Complaints and Disciplinary Inquiries
Complaints Against Doctors
Patients must be able to trust doctors (registered medical practitioners) with their lives and well-being. To justify that trust, doctors have a duty to maintain a good standard of practice and care and to show respect for human life.
If you have a complaint involving professional misconduct with your doctor, you may lodge your complaint to the Medical Council. This session explains what to do if you want us to investigate a complaint against your doctor. It also tells you what we do when we receive such information. It is hoped that the information contained in this section will foster a greater understanding of the Medical Council's role in dealing with complaints.
- The nature of medicine
- About the Medical Council
- Legal powers of the Medical Council
- How do you make a complaint?
- Is there a time limit for making complaints?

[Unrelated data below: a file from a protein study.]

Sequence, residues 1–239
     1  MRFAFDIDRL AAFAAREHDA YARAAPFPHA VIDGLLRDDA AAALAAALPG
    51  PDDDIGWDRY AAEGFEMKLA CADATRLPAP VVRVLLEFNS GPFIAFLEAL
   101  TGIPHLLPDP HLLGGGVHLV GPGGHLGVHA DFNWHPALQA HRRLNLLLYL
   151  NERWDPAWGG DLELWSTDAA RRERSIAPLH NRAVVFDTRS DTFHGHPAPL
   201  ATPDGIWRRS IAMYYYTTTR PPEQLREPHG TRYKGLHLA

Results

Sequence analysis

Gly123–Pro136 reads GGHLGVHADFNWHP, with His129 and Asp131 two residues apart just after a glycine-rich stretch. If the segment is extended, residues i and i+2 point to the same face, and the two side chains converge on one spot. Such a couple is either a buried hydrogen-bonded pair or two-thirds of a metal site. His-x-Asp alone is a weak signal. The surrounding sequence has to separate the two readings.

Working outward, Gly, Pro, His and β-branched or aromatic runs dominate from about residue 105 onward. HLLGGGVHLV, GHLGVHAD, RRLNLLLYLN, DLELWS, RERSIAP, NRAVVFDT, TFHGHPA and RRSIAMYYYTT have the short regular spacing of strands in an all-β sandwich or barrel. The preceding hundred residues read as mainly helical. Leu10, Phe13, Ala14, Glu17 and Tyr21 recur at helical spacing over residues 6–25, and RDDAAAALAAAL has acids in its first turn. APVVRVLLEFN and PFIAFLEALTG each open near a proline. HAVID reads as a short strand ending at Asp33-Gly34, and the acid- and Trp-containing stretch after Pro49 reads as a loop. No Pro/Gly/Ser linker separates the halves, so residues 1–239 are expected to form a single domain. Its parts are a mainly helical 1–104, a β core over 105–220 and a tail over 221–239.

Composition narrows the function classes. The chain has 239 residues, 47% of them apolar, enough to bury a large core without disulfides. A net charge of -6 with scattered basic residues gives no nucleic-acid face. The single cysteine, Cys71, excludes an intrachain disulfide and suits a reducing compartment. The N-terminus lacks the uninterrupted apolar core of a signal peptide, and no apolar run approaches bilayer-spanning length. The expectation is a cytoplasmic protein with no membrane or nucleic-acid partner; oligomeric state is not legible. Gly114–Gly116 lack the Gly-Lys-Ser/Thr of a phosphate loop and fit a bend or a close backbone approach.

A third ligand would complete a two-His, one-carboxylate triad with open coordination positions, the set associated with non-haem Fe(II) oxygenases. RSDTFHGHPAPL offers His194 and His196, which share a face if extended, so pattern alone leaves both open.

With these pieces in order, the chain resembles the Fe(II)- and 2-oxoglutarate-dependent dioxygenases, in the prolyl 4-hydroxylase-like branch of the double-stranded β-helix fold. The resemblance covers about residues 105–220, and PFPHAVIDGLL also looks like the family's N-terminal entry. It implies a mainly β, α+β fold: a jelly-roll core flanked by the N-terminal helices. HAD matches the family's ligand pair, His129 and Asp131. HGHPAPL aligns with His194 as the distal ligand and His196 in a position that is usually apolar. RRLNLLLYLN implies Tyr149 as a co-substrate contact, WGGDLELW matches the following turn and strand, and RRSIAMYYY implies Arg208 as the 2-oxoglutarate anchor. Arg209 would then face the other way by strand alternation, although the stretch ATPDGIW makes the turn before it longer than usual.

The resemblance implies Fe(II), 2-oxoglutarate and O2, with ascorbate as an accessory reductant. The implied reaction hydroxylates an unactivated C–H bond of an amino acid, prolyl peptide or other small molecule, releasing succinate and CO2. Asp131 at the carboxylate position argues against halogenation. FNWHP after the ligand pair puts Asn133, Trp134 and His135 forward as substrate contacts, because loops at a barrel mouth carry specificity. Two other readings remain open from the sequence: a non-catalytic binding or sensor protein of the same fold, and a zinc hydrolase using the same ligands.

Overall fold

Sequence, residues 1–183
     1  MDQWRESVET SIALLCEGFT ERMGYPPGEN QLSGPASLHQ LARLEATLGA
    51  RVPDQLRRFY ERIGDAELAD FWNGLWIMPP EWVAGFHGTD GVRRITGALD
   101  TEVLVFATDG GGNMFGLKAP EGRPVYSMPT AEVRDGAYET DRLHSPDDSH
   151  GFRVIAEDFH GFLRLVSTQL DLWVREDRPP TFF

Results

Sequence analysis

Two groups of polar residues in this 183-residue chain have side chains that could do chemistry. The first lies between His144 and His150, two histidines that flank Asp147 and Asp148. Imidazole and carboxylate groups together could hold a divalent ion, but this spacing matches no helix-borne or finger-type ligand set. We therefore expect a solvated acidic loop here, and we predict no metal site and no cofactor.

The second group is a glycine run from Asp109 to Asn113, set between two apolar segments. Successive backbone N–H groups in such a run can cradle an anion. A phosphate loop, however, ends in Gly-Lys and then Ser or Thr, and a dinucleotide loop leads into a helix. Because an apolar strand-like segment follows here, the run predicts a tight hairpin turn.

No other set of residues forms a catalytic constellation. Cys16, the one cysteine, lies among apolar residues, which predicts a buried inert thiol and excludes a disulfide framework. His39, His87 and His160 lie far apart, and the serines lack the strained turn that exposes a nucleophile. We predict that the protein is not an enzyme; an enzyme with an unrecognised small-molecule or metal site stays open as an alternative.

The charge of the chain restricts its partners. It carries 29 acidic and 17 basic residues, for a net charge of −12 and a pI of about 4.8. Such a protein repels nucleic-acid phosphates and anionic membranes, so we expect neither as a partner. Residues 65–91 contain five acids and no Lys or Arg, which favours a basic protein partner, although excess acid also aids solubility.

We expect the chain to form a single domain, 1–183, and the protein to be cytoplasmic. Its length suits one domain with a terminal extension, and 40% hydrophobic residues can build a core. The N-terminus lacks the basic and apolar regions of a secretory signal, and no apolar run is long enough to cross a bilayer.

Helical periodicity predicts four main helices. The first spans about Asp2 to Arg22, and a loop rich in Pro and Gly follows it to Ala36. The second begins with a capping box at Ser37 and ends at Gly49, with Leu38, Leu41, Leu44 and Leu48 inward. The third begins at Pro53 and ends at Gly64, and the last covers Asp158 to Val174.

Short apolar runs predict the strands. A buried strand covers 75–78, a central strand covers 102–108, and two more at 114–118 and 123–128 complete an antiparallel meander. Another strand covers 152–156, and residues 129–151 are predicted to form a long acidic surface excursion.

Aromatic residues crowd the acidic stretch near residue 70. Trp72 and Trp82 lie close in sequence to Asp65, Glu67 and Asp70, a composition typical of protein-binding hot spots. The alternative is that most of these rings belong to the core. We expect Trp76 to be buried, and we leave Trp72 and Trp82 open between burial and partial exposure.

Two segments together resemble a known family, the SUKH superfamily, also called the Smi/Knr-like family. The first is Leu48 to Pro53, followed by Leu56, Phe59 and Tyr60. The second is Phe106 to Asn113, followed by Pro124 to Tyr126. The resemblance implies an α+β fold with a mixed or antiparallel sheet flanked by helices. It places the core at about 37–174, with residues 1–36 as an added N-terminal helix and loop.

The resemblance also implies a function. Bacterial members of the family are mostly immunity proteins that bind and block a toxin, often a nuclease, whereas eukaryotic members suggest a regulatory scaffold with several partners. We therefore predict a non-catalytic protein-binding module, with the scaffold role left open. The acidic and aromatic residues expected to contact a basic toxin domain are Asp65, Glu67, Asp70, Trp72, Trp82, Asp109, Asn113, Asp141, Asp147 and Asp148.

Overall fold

- Can you complain to the Medical Council and to another organisation at the same time?
- How will your complaint be dealt with?
- Will the doctor be informed as soon as you make a complaint?
- What happens if the Medical Council decides not to investigate the complaint?
- What happens if the Medical Council decides to take action?
- What sort of action will the Medical Council take?
- What is the difference between the disciplinary and health procedures?
- What happens if your complaint is referred to the Preliminary Investigation Committee ("PIC")?
- What if the Preliminary Investigation Committee ("PIC") recommends an inquiry?
- Legal costs
- If your complaint is upheld, what will be the outcome?
- Can the doctor appeal against the decision made by the Inquiry Panel of the Medical Council?
- Contact us
- Complaint form
- Personal Information Collection Statement